3. When Should You Euthanize A Dog With Diabetes?

The decision to euthanize a dog with diabetes is usually made in consultation with a veterinarian. It often depends on the severity of the diabetes, the dog’s overall health, and the quality of life the dog is able to have. When the disease progresses to the point where the dog is suffering or unable to receive necessary care that will improve the quality of life, euthanasia may be recommended. Less severe cases of diabetes can often be well managed with diet, exercise, and insulin injections, allowing a good quality of life.

4. What is the lifespan of a dog with diabetes?

The lifespan of a dog with diabetes can vary greatly depending on the individual animal and how well the condition is managed. Generally, a dog with diabetes and good health management could live anywhere from 6-15 years. With regular veterinary care, testing, and insulin treatments, many diabetic dogs can live long, healthy lives.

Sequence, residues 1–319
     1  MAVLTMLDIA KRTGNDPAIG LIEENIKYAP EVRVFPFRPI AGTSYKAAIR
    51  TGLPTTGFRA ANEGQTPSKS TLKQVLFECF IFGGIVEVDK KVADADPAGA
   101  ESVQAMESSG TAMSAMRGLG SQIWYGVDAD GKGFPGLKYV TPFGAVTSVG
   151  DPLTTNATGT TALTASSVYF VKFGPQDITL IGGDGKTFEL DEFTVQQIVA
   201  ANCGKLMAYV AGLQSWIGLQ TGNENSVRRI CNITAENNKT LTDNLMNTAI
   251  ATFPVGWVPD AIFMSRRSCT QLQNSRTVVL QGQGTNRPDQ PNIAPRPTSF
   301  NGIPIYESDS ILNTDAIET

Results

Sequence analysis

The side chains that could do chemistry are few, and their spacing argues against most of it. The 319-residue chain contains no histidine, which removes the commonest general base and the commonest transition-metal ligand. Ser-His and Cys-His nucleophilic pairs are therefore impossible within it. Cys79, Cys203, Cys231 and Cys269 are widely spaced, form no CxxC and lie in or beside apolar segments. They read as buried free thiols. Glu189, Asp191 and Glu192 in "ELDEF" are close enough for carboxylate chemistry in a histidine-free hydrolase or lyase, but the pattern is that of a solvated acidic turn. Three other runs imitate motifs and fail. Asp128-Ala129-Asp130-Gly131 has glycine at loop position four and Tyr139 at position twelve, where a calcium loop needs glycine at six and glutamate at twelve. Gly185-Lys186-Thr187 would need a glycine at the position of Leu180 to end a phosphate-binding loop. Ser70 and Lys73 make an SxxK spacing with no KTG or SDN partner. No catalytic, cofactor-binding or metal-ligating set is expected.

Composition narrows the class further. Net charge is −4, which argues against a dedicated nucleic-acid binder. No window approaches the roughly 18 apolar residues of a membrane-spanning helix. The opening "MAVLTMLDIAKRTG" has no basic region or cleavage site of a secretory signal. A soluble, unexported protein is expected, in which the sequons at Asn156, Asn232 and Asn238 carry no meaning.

5. Should I euthanize my dog with diabetes?

Euthanasia should be a last resort for pets with diabetes and is never an easy decision to make. It is important to consider the quality of life of the animal, the risks of treatment, and the financial resources available for proper care. It is recommended to arrive at the decision only after taking advice from a veterinarian experienced in treating diabetic pets.

6. Should a dog with diabetes be put down?

No, a dog with diabetes does not need to be put down. While it is a serious condition that requires a lot of care and management, many dogs with diabetes can live a full, happy life with proper management. Veterinary care, exercise, and a balanced diet can help keep your pet’s diabetes in check.